Quick Tips on Navigating Japan and Money Matters

The best public transportation system in the world is Japan, and their trains have set global standards. That being said, it does NOT come cheap. However, there are quite a lot savings available if you take the time to do your research. There’s no one size fits all, but here’s the general rule as far as my experience goes, and if you end up stumbling into this blog post, go ahead and tell me where you want to go and I can help you look up your options. 

Last update: June 23, 2020

Navigating Japan

  • Trains. Oh, Japanese trains are quite a complex beast. But they are well organized. I would recommend using Google Maps particularly when you don’t know the station names you want to go to. 
    • Once you do know the train station names and it costs more than JPY1,000, I would recommend you check hyperdia if there are cheaper options. Why? Because Japan has express/limited express trains, which are significantly faster and more expensive. So if you are willing to add an hour to save yourself a thousand yen, then just go with local trains. Just click “more options”, then untick “express”, “limited express” and “bullet trains” options.
  • Buses. Once the trips get a bit longer, buses become a cheaper option to go from point A to B. However, they are also a bit trickier to find. 
    • A general rule is that transportation to/from airports are cheaper with buses. 
    • If your travel time is longer than an hour and it is a touristy spot, try googling for buses.
    • Most buses take IC cards, but some don’t. In these cases, they have money changers in the bus so you can pay the exact amount, but they only accept JPY1,000 bills.
  • Area Pass. Japan loves their area passes. Basically as part of a tourism push, they map specific public transportation vehicles/routes and create a package that you can buy at a discount. Sometimes you only save about JPY200, sometimes you save a couple thousand yen. For example, they have the Atami Pass, Hakone Pass, Nikko Pass, Tokyo Metro Pass, Tokyo Wide Pass, Tateyama Alpine Pass, Kyushu Pass… the list goes on. Generally, any touristy stop will have a pass/discounted roundtrip tickets. So make sure to google the location in advance. Or leave a comment here, and I’ll check it for you.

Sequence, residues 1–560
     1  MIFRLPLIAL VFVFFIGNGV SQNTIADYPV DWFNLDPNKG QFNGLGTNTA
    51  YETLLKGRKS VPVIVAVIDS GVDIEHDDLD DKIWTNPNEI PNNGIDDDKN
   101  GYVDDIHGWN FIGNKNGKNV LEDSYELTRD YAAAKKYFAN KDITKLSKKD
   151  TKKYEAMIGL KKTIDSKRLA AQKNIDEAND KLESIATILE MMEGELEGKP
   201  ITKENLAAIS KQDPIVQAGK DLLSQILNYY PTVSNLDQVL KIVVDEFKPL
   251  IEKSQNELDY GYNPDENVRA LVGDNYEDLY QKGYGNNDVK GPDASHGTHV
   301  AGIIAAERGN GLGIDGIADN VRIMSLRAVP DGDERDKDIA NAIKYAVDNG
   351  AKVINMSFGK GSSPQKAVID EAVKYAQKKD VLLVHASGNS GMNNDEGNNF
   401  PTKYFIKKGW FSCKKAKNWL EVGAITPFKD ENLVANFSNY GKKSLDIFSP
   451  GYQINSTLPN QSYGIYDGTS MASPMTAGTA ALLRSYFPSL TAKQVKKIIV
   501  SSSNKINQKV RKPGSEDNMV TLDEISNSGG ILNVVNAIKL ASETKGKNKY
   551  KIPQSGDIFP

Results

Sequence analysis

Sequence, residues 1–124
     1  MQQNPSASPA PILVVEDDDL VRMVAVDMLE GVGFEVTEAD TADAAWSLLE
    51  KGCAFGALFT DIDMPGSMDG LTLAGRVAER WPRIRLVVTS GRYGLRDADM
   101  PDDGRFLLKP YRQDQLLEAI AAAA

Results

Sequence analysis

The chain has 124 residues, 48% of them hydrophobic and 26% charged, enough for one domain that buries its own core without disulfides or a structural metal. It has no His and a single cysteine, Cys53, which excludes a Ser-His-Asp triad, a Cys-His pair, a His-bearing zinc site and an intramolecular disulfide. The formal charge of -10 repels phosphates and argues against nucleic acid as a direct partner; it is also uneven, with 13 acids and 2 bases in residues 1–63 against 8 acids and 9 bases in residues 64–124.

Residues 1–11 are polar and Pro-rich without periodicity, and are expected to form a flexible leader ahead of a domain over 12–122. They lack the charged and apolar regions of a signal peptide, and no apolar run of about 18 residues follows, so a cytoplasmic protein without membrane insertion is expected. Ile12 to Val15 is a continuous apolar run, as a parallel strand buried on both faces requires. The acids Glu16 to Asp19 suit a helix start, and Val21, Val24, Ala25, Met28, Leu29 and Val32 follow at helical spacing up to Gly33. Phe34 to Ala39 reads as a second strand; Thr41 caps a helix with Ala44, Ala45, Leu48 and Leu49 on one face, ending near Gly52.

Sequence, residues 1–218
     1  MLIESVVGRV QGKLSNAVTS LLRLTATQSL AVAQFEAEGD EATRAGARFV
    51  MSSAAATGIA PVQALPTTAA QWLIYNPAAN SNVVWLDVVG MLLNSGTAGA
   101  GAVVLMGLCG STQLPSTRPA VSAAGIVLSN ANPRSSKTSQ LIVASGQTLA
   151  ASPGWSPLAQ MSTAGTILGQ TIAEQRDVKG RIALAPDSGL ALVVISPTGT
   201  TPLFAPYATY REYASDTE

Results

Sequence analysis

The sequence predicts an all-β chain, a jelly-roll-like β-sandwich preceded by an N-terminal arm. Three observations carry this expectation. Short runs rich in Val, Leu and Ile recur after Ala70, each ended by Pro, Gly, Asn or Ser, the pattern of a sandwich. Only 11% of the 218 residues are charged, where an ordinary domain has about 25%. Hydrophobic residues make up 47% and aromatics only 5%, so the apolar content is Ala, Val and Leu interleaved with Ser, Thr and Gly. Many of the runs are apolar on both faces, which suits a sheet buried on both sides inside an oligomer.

• JR Pass. Exclusive to tourists. You have probably heard of it – it’s a consecutive days’ pass costing upwards of USD300. Is it a good deal? If you plan to go all over in a short period of time, yes. 
    • Seishun 18. Open to all – locals and foreigners. A very special ticket generally designed for students with plenty of free time and no money. For JPY12,050, you get 5 days, nonconsecutive unlimited LOCAL JR lines. JR covers almost the entirety of Japan! Here’s the catch – they are only available on local trains (not bullet trains or express ones), and they are only offered on break periods (around March, August and December). How bad are local trains? From Tokyo to Nagoya, it’ll be two hours by bullet train, 6 hours by local ones. 
  • Japan wide passes. As of now I only know of two – the JR pass and the bus passes.
    1. JR Pass (tourists only). It covers all bullet trains and JR company forms of transportation, which is the most extensive in the Japan. The only catch is that it has to be consecutive, and it can be a bit expensive. For example, the 7 day pass costs JPY30,000, so it’ll be worth it if you’re covering a good portion of Japan. If you’re just staying in Tokyo, then don’t get it. 
    2. Bus Pass: (non Japanese only). There’s a Japan bus pass that is currently a favorite of mine. There’s the basic Japan Bus Pass at JPY15,300 for 5 days that only allows for Willer buses, or the more extensive JBL Bus Pass at JPY20,000 for 5 days. 
      • These can be used for any day, nonconsecutive, for a month (JBL Bus Pass) to three months (Japan Bus pass), and covers practically the entirety of Japan. 
      • These are booked online, and can be cancelled anytime, making it unbelievably flexible. 
      • To book, log in to your account, and go to “My Page”. Under “Reservation Management”, click “BusPass management”, and you’ll see your bus pass with the number of slots you have. Just click “search for routes” and that’s how you reserve.
      • If you already bought a bus pass, take note that when reserving a bus, you should never put your credit card information – you should be selecting your bus pass number to reserve. If you are asked for your credit card info, you are booking from the wrong screen. 
      • Once booked, they will send you an email about your seat, and a map link for the pick up/drop off point. 
      • Upon boarding, just scroll to the bottom of your email, and the details of your reservation in Japanese are provided. Show this to the driver, and that’s it. 
      • I use them for overnight bus rides, and the biggest savings I’ve had is the JPY30,000 bus from Tokyo to Hiroshima, that I paid JPY4,000 for (JPY20,000 divided by 5days) 

Money matters

  • Cash is KING. Theft and other crimes are pretty rare too (at least at the moment), so most people carry a lot of cash. Heck, a lot of grandmas and grandpas do not put their money in the bank, and just put them in their houses, and we’re talking millions of yen (hundreds of thousands of dollars).
  • NO TIPPING. Anywhere, anytime. Service is expected to be good, and no amount of tipping will change that.
  • IC Card. There’s a push to be “cashless”, and there’s at least a dozen options at the moment. Most of which are local (Paypay, Linepay, Rakutenpay). So if you are a tourist, just buy an IC card (JPY500 deposit, will be returned to you once you return your IC card) and load it JPY10,000, and use it for all your purchases. 
    • There are a couple of main IC cards – Pasmo (Tokyo Metro), Suica (JR) and ICOCA (Osaka). They all work the same, so whichever is closest to where you are, just buy it.